Rex, for one, developed interestingly. Although, he seems as if he has good intentions his irresponsible nature leads his family to ruins. All the kids seem to develop quiet interesting as well. In the beginning all the kids liked going on all the “adventures” their parents took them on and found it fun when the beds they slept in were cardboard boxes, but as they grow older they began to enjoy it less and were sick of always being on the go. “We were also too big to sleep in cardboard boxes, and there wasn’t enough room on the floor for them, anyway, so we helped Dad build two sets on bunk beds. (P. 152) As well as having a lot of character development in the memoir there was one important theme throughout the story and that was self-reliance. The kids always have to rely on themselves to get through. If they want food they have to go and find some whether it’s in the garbage cans at school or in dumpsters behind buildings. Their parents are never the ones making sure they are fed or have food. Last, there is a lot of plot development. All through the book there are tons of mini climaxes.
One example is, “As Brian and I were shaking the snow off some promising branches, and we heard a loud boom from the house. I turned and saw flames leap up inside the windows. ” (p. 178) On the whole, The Glass Castle had a lot of character development, themes, and plot development. Furthermore, I believe The Glass Castle is a great book for middle to upper class districts because it exposes students to certain lifestyles they otherwise would have no idea about. I think it would teach those students to be grateful for all the things they have and all the opportunities they are given.
This book is most definitely a prime example for showing that life is not great for everybody, which a lot of kids, especially in high school, don’t understand. A lot of kids these days have everything handed to them on a golden platter and don’t have to work for much of anything, therefore; it would be nice to show those kids how lucky they truly are. Jeannette and her siblings had to overcome a lot of obstacles in order to become successful and not end up like their parents. To continue, the main issue at hand is poverty. Jeannette and her siblings grow up having not much of anything besides each other.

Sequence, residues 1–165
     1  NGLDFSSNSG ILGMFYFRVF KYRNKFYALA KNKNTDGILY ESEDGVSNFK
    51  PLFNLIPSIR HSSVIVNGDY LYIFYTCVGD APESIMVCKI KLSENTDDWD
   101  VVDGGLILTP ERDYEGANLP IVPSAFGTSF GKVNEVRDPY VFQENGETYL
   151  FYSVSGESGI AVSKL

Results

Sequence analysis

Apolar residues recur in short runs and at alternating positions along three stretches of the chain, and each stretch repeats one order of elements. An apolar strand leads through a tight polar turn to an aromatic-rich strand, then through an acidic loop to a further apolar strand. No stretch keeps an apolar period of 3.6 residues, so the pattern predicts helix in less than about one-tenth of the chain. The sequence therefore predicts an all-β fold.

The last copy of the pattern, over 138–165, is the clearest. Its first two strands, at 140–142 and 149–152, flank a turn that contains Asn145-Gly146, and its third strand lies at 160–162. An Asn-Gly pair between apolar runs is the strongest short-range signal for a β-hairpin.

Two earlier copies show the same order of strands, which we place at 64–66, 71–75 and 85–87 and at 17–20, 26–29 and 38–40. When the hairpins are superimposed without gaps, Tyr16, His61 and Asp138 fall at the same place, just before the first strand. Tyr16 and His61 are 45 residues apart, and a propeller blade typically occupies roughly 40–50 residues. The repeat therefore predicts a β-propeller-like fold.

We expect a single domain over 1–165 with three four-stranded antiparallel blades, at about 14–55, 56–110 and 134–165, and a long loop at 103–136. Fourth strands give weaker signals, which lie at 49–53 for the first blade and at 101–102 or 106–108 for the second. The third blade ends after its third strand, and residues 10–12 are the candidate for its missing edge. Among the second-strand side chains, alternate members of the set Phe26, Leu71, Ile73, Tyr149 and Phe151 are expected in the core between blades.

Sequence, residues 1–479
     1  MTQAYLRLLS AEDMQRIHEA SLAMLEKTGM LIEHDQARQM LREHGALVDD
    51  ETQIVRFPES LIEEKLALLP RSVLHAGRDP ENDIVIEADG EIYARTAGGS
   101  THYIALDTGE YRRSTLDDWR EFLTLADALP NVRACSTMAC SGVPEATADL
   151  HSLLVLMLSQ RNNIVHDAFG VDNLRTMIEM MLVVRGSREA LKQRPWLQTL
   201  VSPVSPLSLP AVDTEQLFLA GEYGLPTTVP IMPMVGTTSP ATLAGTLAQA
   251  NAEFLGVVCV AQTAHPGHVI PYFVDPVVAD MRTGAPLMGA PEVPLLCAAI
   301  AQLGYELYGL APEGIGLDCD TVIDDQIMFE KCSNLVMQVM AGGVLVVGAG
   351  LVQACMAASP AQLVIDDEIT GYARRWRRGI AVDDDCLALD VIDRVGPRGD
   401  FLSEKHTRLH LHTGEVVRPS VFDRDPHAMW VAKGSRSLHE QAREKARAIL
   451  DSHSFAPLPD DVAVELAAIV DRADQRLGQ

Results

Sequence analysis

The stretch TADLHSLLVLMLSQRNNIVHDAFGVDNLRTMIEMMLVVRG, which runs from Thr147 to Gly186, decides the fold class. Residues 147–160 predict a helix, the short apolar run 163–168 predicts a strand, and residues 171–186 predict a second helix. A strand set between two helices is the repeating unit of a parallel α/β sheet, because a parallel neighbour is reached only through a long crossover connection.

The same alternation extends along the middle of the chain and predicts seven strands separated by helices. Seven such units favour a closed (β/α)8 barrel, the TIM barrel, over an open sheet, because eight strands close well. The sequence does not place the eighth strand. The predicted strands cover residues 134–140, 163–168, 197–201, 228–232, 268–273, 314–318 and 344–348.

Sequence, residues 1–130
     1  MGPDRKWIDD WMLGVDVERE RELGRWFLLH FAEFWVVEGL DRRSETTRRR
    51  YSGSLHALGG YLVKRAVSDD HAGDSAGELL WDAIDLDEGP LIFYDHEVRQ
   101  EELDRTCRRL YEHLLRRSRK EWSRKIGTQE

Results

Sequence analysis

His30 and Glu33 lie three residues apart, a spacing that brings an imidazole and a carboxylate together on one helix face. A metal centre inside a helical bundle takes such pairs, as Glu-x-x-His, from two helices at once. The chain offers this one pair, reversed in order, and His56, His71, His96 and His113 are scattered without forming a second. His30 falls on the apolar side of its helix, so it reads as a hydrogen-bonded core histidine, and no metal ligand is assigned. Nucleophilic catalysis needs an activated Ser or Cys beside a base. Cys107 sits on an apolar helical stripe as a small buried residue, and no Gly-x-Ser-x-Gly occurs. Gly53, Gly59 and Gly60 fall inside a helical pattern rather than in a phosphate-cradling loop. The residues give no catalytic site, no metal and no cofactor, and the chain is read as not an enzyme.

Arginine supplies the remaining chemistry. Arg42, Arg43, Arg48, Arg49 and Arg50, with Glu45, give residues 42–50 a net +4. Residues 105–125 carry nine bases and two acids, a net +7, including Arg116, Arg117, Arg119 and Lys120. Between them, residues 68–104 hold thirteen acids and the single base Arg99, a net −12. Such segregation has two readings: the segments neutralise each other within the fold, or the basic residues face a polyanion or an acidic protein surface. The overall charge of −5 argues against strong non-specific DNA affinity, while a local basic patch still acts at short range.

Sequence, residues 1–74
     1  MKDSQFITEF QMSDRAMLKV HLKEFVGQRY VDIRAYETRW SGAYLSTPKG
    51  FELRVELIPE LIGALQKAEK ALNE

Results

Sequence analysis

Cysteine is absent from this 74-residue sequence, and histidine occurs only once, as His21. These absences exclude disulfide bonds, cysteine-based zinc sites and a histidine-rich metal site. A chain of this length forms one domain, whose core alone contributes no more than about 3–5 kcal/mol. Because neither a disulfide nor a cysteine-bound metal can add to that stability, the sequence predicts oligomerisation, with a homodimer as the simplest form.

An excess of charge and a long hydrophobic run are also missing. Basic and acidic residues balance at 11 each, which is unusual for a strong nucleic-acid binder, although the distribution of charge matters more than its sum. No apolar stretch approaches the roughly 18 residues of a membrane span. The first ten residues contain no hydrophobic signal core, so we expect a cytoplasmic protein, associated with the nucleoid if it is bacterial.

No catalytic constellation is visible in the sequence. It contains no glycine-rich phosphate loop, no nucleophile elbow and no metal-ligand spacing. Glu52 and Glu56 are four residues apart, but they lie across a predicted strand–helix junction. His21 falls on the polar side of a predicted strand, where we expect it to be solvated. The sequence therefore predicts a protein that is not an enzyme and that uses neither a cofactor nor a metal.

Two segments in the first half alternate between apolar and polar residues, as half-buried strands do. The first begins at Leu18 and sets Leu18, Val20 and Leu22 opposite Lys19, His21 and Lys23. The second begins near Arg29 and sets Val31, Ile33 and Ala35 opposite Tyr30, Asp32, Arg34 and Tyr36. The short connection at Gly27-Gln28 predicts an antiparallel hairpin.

Many times throughout the book they don’t even have food to eat. Also, when they do have money their parents blow through it so fast that it is pretty much useless. Another issue the book deals with is the fact that a lot of students don’t have the support from a two parent home. Jeannette and her siblings don’t even have the support from either of their parents. Their parents are very lazy and don’t really do much to encourage them to become better people than they were. It is almost as if they want to bring their children down with them.
To an extent Jeannette’s dad, Rex, throwing her into the lake at the beginning and telling her to “sink or swim” foreshadows her entire life. Many times she was thrown into the fire and had to find a way to make things work, and learn, without any model for success. If she didn’t find a way she would likely be homeless or dead. This can be an effective and inspiring message for students who are staring college who may feel the same way. To sum up, there were many issues in the book that were overcome that can be very reassuring to students and for others it can show them how fortunate they are.
In conclusion, there are many reasons this book should be put in the senior English curriculum. For one, it is a memoir which high school students are not exposed to often enough. Also, it is a more modern piece of literature that can spark more class discussions and students could relate to the book more than an older piece of literature. Next, I believe it is a refreshing piece of literature that can really show students how fortunate they really are. Overall, this is a great book and students could really benefit from reading The Glass Castle.